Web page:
Film Analysis : Orson Welles ' Film Citizen Kane Essay

779 Words Dec 2nd, 2015 4 Pages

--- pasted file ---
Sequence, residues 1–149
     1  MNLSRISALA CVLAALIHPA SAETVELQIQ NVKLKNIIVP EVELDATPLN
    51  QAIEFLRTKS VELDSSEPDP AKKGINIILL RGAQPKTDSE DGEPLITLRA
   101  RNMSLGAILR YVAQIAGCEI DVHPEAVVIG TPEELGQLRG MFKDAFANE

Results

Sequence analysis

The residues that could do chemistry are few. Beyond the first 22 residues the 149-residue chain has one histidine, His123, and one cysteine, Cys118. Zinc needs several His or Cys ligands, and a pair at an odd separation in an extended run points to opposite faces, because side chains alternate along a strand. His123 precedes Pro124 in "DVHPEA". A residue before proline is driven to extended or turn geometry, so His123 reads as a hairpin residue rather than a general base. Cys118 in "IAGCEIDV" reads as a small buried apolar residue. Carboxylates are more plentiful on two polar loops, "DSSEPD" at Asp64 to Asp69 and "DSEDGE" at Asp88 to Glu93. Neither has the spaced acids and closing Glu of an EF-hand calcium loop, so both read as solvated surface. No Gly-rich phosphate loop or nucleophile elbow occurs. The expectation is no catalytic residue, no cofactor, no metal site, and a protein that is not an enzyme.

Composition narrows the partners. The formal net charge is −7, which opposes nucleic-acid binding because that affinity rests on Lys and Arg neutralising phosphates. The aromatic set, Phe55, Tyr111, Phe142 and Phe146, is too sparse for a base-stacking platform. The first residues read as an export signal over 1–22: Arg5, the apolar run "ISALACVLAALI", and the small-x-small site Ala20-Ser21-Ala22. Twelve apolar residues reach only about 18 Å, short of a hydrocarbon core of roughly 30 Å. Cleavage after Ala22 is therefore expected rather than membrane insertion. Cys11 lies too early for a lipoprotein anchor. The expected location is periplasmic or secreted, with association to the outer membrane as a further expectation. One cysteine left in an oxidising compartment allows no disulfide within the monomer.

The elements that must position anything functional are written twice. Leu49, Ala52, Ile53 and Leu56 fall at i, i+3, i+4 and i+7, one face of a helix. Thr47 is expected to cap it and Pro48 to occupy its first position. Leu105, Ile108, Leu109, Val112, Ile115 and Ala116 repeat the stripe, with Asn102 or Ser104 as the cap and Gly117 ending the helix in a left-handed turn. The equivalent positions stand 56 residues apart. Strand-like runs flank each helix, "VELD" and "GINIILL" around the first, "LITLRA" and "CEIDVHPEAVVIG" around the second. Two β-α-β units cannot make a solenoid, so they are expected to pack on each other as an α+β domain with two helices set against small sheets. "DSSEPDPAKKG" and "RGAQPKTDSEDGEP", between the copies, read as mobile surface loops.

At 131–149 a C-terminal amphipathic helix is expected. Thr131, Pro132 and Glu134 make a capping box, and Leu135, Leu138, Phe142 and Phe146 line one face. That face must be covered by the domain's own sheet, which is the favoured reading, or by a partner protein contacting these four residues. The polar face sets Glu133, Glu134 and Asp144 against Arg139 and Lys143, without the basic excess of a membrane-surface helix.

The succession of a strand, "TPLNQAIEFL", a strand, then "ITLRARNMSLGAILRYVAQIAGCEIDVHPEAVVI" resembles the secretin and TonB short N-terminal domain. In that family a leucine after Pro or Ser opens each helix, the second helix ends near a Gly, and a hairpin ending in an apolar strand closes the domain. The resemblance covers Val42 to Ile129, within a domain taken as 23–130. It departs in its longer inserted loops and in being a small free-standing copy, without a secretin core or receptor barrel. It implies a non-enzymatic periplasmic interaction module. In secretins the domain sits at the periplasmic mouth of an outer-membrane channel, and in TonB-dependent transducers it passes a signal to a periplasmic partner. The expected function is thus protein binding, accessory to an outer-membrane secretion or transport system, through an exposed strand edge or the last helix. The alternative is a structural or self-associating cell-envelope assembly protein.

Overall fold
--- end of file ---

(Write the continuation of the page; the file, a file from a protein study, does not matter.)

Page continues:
Orson Welles’ film Citizen Kane (1941) is significant in the movie world because of the innovations it made not only in technique, but also in how films were conceptualized. It planted seeds for the film noir movement that was to come, and popularized lighting, angling, and transitioning methods filmmakers still use today. But Welles’ greatest legacy in Citizen Kane lies in his ability, through casting, plot, and cinematographic choices, to paint a man whose life is corrupted and ultimately destroyed by an unwavering lust for fulfillment of the “American Dream” through fame, fortune, and power. One technique that Citizen Kane has come to be known for is the use of deep focus shots. These shots required a careful balance of lighting and composition, and the right camera to bring the entire mise en scene into focus. By allowing the entire space to be engaged in a shot, Welles gave viewers a chance to watch multiple actions taking place at once, which heightened the realism and intensity of the film. In order to complement such a deliberate point of view, Welles hired a cast made up almost entirely of stage actors who had never been in any movies before. Their classical training allowed these actors to place themselves securely in each scene without overpowering it, a factor that balances well when a scene is being shot in deep focus. This technique proves particularly effective in scenes that depict Kane’s loss of control, because it establishes a clear sense of the space…

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